BEYONCÉ embraces the complexity of womanhood through mapping, in a rather detailed and utterly personal way, the trajectory of her own life. Several songs are prefaced with clips and sound-bytes from her childhood; we are treated to glimpses of the child-Beyoncé with her girl-group; we see her life as a series of competitions and pageants. The album therefore seems somehow haunted by the ghost of Michael Jackson – its deeply confessional nature allows us insight into an intense childhood under immense pressure. Constantly, we are being reminded of how hard she has worked and how much she has sacrificed to get where she is today. And where is she, and who is she today? Wife, mother, lover, high-powered business-woman, queen of the industry. She talks of love, marriage, fights, fear of separation, childbirth, motherhood – the interminable way in which things change and how she has no control over it. She confesses she has fears, insecurities, she can be ‘Jealous’ – but don’t judge her, she’s just human. She confesses her confusions, emotional conflicts and her disillusionment with the world and industry she is a part of and even with her own work (Ghost/Haunted) – ‘All this shit I hear is boring, all this shit I do is boring, all these record labels boring’. Jay-Z collaborates on the music and appears in videos, she is seen in starkly intimate moments with her daughter in a song/video about her, the bonus video ‘Grown Woman’ features more footage from her childhood and adolescence, Michelle and Kelly from Destiny’s Child feature in the video for ‘Superpower’. In true post-feminist style, it also celebrates a good, healthy relationship between two equals, both imperfect, and rejoices for the man who does not suffer from ‘the fragile ego’, another phenomenon Adichie refers to in her speech. Musically, Beyonce goes where she has never gone before, drawing from soul, trip-hop, dancehall, drum and bass and heavily from the electronic. The result is sophisticated; the beats are sometimes moody, at other times sexy. The videos are stylish and well-crafted; while some seem to share themes, they also vary drastically in content and style: ‘No Angel’ pays tribute to community, ‘Haunted’ shows a Madonna-like dance sequence in an eerie mansion full of bizarre tricks. In an unforgettable, powerful way, Beyoncé emerges through the many layers and when she does, is happy to be exposed and vulnerable in front of us all. In this incarnation, she is more confident, more wholesome, more commanding, more certain than she has ever been. She is no longer singing gratefully about someone loving her ‘Flaws and All’; now she is simply singing about being ‘Flawless’.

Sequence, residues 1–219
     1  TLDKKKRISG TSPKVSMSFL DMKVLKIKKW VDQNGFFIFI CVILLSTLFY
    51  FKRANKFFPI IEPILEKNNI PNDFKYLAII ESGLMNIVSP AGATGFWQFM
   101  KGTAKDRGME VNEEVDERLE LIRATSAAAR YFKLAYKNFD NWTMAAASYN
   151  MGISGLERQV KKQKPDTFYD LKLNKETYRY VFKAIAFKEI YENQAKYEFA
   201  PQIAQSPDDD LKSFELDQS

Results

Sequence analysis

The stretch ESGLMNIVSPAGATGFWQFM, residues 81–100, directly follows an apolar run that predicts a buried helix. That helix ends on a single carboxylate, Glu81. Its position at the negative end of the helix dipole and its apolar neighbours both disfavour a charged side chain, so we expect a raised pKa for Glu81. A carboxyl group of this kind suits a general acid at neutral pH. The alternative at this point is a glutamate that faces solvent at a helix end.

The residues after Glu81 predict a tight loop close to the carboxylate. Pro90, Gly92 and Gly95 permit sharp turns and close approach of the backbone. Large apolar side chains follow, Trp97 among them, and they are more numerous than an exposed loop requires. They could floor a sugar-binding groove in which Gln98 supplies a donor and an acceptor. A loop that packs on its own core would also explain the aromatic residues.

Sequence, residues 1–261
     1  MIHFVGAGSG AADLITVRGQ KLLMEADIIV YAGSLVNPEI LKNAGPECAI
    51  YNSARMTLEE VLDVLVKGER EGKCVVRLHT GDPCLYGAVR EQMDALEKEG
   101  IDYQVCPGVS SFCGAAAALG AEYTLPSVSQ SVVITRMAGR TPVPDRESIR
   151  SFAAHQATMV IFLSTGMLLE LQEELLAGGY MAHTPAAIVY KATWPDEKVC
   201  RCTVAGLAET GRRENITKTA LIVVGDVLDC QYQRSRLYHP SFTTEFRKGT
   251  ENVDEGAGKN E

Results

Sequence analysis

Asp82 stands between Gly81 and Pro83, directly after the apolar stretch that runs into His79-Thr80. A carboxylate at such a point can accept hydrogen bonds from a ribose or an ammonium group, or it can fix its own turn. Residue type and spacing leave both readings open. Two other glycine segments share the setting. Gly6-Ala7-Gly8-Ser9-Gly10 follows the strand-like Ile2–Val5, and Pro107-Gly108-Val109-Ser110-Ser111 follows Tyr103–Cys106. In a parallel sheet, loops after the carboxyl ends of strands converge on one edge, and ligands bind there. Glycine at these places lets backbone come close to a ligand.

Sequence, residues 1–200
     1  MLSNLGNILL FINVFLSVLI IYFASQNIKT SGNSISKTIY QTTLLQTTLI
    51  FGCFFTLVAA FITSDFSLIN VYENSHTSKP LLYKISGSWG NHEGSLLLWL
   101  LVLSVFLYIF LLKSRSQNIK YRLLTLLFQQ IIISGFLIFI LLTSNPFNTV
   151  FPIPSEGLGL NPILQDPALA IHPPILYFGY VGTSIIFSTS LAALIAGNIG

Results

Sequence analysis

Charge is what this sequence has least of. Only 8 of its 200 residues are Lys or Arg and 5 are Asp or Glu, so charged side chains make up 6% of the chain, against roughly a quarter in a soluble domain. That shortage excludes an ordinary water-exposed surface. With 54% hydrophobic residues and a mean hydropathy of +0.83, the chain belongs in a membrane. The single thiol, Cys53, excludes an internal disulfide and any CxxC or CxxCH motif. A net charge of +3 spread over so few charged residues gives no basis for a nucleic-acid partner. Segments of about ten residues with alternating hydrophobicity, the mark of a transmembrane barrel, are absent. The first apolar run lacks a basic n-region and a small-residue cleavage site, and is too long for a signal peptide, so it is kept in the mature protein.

If the album is not overtly feminist, then it is at least an overt, arrogant, proud, assertive celebration of Beyoncé and what she’s achieved, which maybe a feminist statement in its own right. The track ‘Flawless’ (which is where Adichie’s speech is featured), though its being widely used as the reference point in discussions on feminism in this album, is more her way of reminding us she is boss; ‘Don’t think I’m just his little wife, don’t get it twisted, this is my shit’ she reminds us. The video of ‘Flawless’ gives us the message a little more clearly; the video is prefaced by a clip of Beyoncé’s childhood all-girl pop group being introduced in a competition. At the end of the video, a second clip is shown – a group made up of five white men wins the competition over the six young black girls, who become runners up.
And so, ‘Bow down, bitches’ becomes the statement of the album. Beyoncé is no longer second to anyone. On the flip-side, in ‘Grown Woman’ she recounts her past, joyfully and with no resentment. It is light and happy and optimistic, and in it, she makes the only statement worthy of going hand-in-hand with ‘Bow down, bitches’: she sings, ‘I’m a grown woman, I can do whatever I want’.